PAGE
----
NICE gives thumbs up to bivalirudin for STEMI patients

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The National Institute for Health and Clinical Excellence (NICE) in the U.K. has recommended bivalirudin (Angiox in the EU/Angiomax in the U.S., The Medicines Company) in combination with aspirin and clopidogrel, for the treatment of STEMI patients undergoing PCI.

The decision is based on a review of cost-effectiveness and clinical efficacy data comparing the combination bivalirudin/aspirin or clopidogrel drug treatment with a combination of heparin and glycoprotein IIb/IIIa inhibitor (GPI), in combination with aspirin and clopidogrel (Plavix, Sanofi-Aventis/Bristol-Myers Squibb).

During the review, the appraisal committee said that data held “a very low degree of decision uncertainty and that bivalirudin should be recommended for the treatment of adults with STEMI undergoing PCI.”

Due to positive data, Primary Care Trusts (PCTs) in England and Wales are now encouraged to adopt bivalirudin for STEMI patients undergoing PCI, according to a press release from Parsippany, N.J.-based Medicines Company.

“With the number of PCIs being carried out increasing each year, this guidance provides the NHS (National Health Service) in England and Wales with another important tool to enable it to treat people who have had a heart attack more effectively,” Carole Longson, health technology evaluation centre director for NICE, said in a statement. “The independent committee that advises NICE considered that, on the basis of the available evidence, bivalirudin, in combination with clopidogrel and aspirin, is both more effective and less expensive than treatment with a glycoprotein inhibitor plus heparin. It is also associated with a lower incidence of major bleeding events compared with heparin and glycoprotein inhibitors."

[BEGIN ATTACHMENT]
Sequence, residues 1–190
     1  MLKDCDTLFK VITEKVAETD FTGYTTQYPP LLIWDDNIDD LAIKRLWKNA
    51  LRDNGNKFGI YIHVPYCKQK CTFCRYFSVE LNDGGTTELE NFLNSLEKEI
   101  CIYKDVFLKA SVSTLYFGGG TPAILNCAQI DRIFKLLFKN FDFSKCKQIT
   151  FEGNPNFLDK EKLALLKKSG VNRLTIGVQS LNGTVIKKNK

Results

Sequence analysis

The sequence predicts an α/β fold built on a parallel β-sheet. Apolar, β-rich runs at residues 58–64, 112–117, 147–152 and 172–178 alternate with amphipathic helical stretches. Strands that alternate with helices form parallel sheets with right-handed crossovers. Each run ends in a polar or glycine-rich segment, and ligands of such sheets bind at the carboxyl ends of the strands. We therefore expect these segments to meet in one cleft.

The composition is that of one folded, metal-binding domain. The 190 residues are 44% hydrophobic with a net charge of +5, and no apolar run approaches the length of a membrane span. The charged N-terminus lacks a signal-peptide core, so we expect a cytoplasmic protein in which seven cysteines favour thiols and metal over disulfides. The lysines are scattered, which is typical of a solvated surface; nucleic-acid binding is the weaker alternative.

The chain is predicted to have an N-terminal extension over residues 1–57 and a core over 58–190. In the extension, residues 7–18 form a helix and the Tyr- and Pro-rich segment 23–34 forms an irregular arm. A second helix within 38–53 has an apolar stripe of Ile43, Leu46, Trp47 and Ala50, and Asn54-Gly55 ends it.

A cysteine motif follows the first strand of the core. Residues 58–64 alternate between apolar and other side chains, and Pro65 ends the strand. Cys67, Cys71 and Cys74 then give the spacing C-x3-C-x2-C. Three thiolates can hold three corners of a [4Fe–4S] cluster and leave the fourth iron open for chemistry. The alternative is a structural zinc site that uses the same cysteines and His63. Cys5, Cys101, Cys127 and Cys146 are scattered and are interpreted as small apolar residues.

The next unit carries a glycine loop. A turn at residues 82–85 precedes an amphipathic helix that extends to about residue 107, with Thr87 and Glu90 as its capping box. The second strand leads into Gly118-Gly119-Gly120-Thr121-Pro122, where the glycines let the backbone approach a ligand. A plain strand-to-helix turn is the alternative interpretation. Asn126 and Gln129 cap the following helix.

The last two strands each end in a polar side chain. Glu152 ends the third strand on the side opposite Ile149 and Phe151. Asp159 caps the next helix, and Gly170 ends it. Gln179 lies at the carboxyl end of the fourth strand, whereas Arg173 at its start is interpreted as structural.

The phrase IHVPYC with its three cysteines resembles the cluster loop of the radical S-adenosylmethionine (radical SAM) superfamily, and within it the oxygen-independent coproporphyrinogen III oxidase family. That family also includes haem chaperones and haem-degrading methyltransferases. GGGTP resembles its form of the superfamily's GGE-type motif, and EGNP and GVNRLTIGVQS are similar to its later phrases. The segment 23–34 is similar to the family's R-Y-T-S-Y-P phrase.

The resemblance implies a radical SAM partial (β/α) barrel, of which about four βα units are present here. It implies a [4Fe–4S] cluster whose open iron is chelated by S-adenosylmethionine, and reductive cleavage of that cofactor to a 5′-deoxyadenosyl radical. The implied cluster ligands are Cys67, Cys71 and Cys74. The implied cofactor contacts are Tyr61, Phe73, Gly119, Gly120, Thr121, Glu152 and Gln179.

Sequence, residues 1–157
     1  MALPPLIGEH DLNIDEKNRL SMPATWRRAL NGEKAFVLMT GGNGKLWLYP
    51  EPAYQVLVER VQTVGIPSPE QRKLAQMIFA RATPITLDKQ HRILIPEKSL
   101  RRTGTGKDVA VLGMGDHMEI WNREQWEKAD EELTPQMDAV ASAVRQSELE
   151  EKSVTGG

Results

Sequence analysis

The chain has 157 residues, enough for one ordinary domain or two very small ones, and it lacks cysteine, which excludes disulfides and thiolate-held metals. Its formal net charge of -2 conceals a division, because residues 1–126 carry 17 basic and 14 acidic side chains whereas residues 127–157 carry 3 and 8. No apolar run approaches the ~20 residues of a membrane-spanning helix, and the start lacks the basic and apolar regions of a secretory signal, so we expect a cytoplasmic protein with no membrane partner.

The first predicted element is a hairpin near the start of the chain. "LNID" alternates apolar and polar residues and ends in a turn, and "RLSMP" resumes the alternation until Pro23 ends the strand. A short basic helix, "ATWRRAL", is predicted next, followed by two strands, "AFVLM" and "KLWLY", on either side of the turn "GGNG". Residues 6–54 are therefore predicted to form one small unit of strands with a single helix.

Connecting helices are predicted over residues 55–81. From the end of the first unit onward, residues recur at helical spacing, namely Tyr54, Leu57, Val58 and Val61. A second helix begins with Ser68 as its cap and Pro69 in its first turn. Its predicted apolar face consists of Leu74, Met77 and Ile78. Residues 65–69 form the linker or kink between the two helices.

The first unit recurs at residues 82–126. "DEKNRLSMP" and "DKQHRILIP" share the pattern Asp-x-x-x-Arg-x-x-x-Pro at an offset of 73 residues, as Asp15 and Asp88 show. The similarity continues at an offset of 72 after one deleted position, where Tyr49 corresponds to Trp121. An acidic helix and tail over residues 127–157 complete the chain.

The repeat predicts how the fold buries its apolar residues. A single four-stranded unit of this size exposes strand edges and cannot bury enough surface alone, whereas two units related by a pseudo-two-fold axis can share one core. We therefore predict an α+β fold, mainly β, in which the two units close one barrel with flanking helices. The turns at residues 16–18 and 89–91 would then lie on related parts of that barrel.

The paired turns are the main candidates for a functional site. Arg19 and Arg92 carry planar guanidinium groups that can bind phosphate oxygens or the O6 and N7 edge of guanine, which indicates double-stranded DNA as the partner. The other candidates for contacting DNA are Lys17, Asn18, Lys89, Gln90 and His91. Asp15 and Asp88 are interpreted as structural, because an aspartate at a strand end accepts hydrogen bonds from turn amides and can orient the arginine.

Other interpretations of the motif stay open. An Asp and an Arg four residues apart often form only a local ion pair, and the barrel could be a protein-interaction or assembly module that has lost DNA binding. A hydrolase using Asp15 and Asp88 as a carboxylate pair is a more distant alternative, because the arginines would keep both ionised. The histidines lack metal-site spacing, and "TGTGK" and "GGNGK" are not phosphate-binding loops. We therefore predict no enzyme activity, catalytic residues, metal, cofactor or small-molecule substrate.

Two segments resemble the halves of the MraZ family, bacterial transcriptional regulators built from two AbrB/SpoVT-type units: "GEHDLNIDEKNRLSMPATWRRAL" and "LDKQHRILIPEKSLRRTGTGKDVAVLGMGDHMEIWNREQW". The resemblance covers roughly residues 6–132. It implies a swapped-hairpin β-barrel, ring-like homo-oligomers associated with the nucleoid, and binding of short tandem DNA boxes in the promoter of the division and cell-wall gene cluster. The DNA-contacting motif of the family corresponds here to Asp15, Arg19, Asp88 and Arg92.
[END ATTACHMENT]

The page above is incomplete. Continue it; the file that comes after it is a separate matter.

Angiomax with provisional GPI is indicated for patients undergoing PCI and in patients at risk for heparin-induced thrombocytopenia and thrombosis syndrome. Additionally, the drug is indicated for use as an anticoagulant in patients undergoing percutaneous transluminal coronary angioplasty in the U.S. The drug is contraindicated in patients with active major bleeds of hypersensitivity to the drug.

Likewise, bivaluridin is approved as an anticoagulant for adult patients undergoing PCI, including STEMI patients in Europe. Additionally, the drug is indicated for the treatment of adult patients with unstable angina/non-STEMI MI.